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SITTING PRETTY

PREMA MANMADHAN

Ranjit, who is at home with most departments of cinema, tells Prema Manmadhan that he loves direction best

Photo: Thulasi Kakkat

MultifacetedRanjit travels to get inspiration for his movies. Top left, Mammooty in his movie, ‘Kaiyyoppu',

What strikes you about Ranjit's oeuvre is its diversity. Whether with regard to subject matter, style or genre, he refuses to be typecast. There is simply no Ranjit kind of movies, you have got to admit, like you have with other directors. It's hard to believe that both ‘Nandanam' and ‘Rock and Roll' came from the same person, isn't it? Lal Jose, of course, loves to flit from subject to subject and one genre to another, like a few others, but usually, directors like to confine themselves to their comfort zones.

Ask Ranjit what he is interested in besides cinema and he cannot think of anything else but travel, that too as cinema's handmaiden, when he is over and done with a movie and wants to relax, and is ready to seek inputs. Not the touristy place for him, where the majority flock to. “Sathyamangalam forests, that's my favourite place. Sometimes I go with friends, sometimes alone. I think I've been there eight times, usually after work on a movie is finished. Sitting and reading there is a great experience. We take provisions and cook for ourselves, for you won't even find an eating place there,” he says.

Raw material

Travelling gives Ranjit a lot more than relaxation. It is grist for his story ideas pool. Meeting characters, looking at life from a different perspective, give him the raw material to weave a story. “Every story that I have written is backed by a real life incident. Everything is redesigned, no doubt but the germ of a story always has real life backing,” he points out. And you think of ‘Devasuram', ‘Kaiyoppu', ‘Thirakkatha' and ‘Aaram Thampuran'.

For a man who wanted to do nothing else but cinema, his dreams have surely borne fruit. After Ranjit's School of Drama courses, he plunged headlong into his dream world, not taking up any other job. In 1987, ‘Oru Maymasa Puliriyil', directed by V.R.Gopinath, which had story by Ranjit, was released. After that he got a couple of ‘Jayaram' movies, as he puts it, like ‘Peruvannapurathe Visheshangal'. He hit big time with the script of ‘Devasuram', directed by I V Sasi. Ranjit had arrived.


With ‘Nandanam', Ranjit proved he was bound to be in cinema and nowhere else. Production could not be kept at bay, immersed as he was with most departments of cinema: storyteller, scenarist, actor and lyricist. ‘Kaiyyoppu' was a shorter than usual film that delved into terrorism and its aftermath, where he wanted to tell the world that terrorism was everywhere, that it need not be outside your purview, besides presenting a moving love story, well told. In between he donned greasepaint for Jayaraj's ‘Gulmohar', standing in for an actor who could not come at the last moment.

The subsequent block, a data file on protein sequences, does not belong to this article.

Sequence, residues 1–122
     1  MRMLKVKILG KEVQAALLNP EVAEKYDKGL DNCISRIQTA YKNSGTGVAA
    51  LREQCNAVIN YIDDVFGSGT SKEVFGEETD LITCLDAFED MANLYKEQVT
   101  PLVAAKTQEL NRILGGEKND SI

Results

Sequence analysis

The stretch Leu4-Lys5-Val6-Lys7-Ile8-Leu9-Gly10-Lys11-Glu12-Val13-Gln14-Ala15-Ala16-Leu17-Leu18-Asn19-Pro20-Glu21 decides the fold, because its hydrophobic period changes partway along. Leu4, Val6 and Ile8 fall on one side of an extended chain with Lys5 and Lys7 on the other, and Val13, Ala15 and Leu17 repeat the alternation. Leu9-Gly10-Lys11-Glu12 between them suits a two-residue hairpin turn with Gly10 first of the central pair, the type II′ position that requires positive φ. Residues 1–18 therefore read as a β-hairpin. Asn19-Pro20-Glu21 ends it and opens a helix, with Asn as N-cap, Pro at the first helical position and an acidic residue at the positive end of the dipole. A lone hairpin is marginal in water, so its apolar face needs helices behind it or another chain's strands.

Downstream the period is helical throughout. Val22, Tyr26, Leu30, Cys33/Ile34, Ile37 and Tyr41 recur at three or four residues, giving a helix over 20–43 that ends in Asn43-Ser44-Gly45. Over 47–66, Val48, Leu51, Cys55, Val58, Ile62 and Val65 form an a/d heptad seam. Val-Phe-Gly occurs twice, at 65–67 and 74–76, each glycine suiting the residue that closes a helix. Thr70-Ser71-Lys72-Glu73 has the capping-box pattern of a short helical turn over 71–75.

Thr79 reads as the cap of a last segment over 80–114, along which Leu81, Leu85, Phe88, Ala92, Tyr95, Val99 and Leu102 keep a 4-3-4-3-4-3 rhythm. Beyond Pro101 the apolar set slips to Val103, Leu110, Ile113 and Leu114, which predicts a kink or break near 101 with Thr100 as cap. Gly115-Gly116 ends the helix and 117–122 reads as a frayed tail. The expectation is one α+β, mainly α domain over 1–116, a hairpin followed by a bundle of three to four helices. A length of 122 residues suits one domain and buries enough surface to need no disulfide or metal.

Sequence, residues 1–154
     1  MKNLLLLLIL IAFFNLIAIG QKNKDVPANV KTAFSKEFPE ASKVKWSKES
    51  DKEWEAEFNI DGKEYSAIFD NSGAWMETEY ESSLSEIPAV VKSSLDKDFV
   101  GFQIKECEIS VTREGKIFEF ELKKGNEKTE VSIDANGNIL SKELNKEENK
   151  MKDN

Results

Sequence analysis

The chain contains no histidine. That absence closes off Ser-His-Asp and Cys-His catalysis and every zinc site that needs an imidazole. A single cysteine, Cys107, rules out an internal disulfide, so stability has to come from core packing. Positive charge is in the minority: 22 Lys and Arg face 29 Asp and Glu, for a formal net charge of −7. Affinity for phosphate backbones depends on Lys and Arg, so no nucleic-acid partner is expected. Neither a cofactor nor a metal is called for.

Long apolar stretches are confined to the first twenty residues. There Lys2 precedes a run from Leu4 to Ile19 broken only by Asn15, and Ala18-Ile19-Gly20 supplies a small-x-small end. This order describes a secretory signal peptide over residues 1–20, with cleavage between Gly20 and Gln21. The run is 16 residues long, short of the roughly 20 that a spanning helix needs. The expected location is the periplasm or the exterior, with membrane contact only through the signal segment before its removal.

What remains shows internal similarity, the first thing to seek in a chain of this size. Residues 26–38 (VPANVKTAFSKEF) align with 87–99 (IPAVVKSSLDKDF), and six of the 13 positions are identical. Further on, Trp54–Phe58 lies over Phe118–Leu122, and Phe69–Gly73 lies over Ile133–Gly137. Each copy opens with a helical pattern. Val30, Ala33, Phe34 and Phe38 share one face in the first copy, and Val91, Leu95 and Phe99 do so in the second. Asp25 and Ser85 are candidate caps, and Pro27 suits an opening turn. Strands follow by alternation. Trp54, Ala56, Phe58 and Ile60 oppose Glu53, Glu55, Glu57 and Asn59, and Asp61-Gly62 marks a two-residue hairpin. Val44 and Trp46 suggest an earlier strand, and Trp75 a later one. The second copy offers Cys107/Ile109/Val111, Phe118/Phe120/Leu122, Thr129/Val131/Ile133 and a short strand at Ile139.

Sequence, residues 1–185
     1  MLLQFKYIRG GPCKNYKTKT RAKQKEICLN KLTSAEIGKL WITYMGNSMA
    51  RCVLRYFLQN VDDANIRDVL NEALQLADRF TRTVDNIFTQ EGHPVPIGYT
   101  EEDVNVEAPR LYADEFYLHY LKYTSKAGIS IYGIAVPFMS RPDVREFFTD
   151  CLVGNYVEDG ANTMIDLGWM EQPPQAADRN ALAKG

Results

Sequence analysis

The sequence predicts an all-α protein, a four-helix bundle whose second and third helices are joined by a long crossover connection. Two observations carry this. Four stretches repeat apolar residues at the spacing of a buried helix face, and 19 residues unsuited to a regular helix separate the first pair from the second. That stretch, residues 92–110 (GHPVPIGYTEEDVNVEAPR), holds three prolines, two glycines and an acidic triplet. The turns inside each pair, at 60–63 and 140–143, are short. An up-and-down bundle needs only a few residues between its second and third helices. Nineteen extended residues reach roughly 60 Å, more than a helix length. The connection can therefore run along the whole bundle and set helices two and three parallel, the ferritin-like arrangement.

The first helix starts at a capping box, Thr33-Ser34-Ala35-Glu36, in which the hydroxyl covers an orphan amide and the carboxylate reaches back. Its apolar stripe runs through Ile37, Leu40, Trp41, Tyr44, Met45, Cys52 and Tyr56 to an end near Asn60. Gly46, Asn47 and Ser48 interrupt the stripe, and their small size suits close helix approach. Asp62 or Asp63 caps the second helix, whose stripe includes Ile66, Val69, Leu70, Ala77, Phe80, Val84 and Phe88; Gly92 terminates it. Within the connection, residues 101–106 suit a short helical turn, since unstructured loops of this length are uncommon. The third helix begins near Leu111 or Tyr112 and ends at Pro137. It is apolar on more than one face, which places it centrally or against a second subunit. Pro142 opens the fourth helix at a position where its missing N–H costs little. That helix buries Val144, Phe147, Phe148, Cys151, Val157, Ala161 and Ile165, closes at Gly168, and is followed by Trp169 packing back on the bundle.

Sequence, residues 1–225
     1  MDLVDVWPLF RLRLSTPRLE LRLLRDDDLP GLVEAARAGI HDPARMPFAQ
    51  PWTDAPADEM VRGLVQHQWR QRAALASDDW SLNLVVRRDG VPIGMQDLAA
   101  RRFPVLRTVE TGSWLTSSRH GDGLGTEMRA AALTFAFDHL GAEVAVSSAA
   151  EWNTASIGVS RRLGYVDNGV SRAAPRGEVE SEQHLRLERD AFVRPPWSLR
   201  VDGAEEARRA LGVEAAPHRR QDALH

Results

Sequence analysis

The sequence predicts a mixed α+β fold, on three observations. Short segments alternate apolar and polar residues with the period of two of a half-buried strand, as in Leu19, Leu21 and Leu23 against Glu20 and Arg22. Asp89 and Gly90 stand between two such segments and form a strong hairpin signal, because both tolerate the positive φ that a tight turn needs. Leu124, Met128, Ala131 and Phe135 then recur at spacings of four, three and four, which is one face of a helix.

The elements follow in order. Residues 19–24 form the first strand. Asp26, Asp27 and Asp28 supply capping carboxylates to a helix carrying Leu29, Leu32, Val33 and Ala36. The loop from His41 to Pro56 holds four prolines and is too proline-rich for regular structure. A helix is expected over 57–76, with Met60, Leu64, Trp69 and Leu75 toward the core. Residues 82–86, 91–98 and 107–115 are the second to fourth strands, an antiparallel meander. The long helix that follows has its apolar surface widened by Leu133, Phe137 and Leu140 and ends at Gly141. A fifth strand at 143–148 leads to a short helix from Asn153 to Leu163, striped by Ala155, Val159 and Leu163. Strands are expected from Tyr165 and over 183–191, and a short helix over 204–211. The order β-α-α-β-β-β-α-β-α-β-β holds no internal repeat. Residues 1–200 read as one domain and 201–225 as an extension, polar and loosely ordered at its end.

Experimenting with ‘Kerala Café' perhaps put him among the ‘happening' movie makers. The portmanteau film was an average movie where business was concerned, but whoever saw it loved it, he said. The small (budget) is beautiful credo alone cannot solve the crisis in Malayalam cinema, Ranjit says. True, the territory is small and big budget movies are a great risk. The current saviours like overseas rights and satellite rights may not last long, he fears. The next generation growing up in the US and in the Gulf regions may not want to see Malayalam movies at all, in the years to come, because they will be unfamiliar with the language. “So the answer is subtitling movies. Subtitled and shorter movies will definitely get a better response from the IT crowds outside the State and overseas Malayalees who do not know the language well enough to enjoy these movies,” Ranjit offers a solution. In a fast paced world, few have three hours to spare at a cinema, nor the patience, less so, as the years roll on.

Though most departments in cinema appeal to Ranjit, he confesses he loves direction best. He is not particularly interested in photography, personally, while he travels. But theatre, from where he started out, interests him. He is toying with the idea of a theatre production soon.

And remakes? Ranjit definitely does not subscribe to the idea of remaking films in the same milieu. “There are enough subjects to make fresh moviers, why go in for remakes,” he asks, at the same time, commenting that he liked ‘Dev D' better than the original.

The Tamil movie that Ranjit was supposed to make, (the remake of ‘Nandanam'), is off. He confines himself to Malayalam., for he feels he has to be very comfortable with a language to make a film in it. Working with new faces also is a thrilling experience for Ranjit. “Moulding actors is a good feeling,” says the director who holds workshops for new faces before he shoots. With his latest movie, ‘Paleri Manikkam…', based on a novel by T P Rajeevan running in cinemas, he is yet to begin his next venture. Maybe a spell in the Sathyamangalam forests again to rejuvenate the creativity bug?

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